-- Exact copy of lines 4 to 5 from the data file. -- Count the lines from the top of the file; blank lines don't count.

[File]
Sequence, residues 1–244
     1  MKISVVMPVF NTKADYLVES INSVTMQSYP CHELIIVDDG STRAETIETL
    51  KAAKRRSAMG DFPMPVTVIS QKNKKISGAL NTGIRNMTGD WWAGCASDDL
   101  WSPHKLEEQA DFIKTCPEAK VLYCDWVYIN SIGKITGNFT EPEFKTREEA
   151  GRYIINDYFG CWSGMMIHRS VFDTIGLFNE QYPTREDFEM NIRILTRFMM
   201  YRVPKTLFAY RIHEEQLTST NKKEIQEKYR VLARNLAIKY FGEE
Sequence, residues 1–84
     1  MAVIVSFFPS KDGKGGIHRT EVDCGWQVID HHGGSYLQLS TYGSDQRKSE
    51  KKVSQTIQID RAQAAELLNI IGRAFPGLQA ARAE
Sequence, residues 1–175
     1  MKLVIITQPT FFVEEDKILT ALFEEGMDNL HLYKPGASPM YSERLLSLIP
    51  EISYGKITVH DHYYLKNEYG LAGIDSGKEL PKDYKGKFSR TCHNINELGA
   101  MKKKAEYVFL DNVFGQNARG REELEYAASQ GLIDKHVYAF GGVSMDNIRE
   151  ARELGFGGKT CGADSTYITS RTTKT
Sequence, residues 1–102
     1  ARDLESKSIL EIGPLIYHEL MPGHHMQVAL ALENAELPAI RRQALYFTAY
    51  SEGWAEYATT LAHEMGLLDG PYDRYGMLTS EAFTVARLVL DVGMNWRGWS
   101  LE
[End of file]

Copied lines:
   101  WSPHKLEEQA DFIKTCPEAK VLYCDWVYIN SIGKITGNFT EPEFKTREEA
   151  GRYIINDYFG CWSGMMIHRS VFDTIGLFNE QYPTREDFEM NIRILTRFMM